In early 1937 Victoria introduced two new machines, the 200cc KR20 and the KR25, a 250. The engines were designed by Richard Küchen
The first of the KR25 series, the KR 25 S, had improved front suspension, and had the options of high exhaust and foot gearshift. Some 28,000 of these were built before civilian production ceased in 1940, and a military version was then delivered to the Wehrmacht.
Production resumed in 1949 with the KR 25 Aero which was very similar to the earlier version, with the same front fork and left-hand foot gearchange, with tank-mounted gearshift as an option, and shortly telescopic forks were fitted. A new engine designed by Albert Röder was fitted - this was due to the primary patent (Schnürle system) for the pre-war model having been acquired by DKW.
KR 25 HM
In late 1951 the KR 25 HM was released, with numerous modifications to both the engine and chassis. Performance was considerably improved (HM = Hochleistungs-Motor, High Performance Engine), carburettor size was up from 22mm to 24mm, crankshaft journal diameters were increased and the flywheels were lighter. It delivered 10.5 h.p. at 4700 rpm, achieving 100 km/h and 3.3 litres per 100km solo.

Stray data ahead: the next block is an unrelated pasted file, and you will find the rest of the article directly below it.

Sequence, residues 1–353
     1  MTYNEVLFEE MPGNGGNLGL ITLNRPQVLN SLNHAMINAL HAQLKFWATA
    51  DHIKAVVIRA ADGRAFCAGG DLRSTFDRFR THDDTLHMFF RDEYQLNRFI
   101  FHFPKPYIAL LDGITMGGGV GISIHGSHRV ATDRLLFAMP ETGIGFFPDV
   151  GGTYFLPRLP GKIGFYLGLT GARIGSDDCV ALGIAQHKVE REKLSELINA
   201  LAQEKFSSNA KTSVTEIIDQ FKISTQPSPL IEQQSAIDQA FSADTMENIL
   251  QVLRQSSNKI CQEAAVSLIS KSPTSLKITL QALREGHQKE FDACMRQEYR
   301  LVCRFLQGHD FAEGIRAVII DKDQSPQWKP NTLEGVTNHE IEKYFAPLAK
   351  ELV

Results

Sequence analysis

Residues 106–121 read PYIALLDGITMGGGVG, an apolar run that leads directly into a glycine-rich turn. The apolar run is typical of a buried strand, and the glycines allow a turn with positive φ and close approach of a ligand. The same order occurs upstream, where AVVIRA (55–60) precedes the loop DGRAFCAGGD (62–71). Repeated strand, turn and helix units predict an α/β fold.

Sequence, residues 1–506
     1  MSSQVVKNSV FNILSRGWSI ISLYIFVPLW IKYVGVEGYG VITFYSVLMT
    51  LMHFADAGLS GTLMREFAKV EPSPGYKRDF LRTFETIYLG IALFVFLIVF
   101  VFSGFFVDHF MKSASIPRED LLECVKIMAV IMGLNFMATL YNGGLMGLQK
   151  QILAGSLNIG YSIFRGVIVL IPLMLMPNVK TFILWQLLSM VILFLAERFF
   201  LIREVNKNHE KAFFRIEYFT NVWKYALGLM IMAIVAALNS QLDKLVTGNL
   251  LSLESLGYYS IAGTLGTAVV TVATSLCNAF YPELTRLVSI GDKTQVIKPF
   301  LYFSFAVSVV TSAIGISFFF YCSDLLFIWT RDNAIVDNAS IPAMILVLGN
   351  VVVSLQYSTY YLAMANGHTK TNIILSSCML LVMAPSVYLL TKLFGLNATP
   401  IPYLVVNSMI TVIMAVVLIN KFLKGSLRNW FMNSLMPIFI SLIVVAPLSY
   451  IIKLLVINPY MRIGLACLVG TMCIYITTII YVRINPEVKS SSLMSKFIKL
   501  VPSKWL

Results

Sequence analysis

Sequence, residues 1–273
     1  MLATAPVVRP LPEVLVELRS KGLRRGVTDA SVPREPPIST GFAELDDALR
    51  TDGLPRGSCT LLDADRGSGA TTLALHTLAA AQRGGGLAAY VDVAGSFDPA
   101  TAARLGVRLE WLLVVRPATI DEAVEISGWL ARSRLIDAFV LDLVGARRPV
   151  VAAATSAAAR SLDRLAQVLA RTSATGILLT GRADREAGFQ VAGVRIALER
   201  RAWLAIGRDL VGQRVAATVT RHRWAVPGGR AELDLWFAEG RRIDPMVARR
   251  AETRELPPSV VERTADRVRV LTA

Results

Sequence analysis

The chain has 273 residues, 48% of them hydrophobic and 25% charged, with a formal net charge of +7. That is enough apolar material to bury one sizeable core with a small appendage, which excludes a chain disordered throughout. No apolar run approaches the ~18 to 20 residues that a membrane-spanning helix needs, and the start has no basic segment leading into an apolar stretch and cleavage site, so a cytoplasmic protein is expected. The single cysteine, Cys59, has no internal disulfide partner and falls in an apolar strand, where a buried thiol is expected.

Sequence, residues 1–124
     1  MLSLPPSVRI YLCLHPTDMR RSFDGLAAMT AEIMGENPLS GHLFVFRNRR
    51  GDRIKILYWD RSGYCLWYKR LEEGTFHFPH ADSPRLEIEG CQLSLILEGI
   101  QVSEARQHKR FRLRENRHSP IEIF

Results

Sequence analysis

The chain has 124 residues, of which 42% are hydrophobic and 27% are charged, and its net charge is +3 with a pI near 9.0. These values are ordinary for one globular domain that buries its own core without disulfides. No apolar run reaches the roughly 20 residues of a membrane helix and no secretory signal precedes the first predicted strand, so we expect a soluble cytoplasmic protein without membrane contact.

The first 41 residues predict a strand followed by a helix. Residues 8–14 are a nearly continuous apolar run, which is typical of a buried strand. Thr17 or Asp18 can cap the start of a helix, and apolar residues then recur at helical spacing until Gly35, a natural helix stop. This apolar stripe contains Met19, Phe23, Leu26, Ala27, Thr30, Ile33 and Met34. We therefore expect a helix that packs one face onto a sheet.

Whilst the frame remained basically the same, the tapered roller bearings in the wheels were replaced with ball bearings, tyres were 3.25 x 19", and full-width drum brakes were introduced in 1952 - although the change was cosmetic only, as the internal dimensions remained the same. The telescopic forks were improved, and Jurisch rear suspension was an optional extra, as was hand-change gearshift.
The mudguards had a more curvaceous profile, the tank was given a round Victoria badge, and fuel capacity was 12.5 litres. Weight was 133 kg.
For the 1952 season, two colour schemes were offered - the standard blue-grey, and black. (Red models are said to have been available for the export market.) The muffler was shown in the catalogue as chrome-plated, replacing the previous model's black silencer, but it appears the change did not occur on the production machines. Rims were chrome-plated, with the central channel painted to match the chosen colour scheme. Jurisch suspension became standard fitment.
The HM was campaigned extensively in competition throughout Europe by riders Walfried Winkler, Rudi Ebert, and Georg Dotterweich of 50cc World Record fame.
Sources: victoria-ig.de, kr26.de
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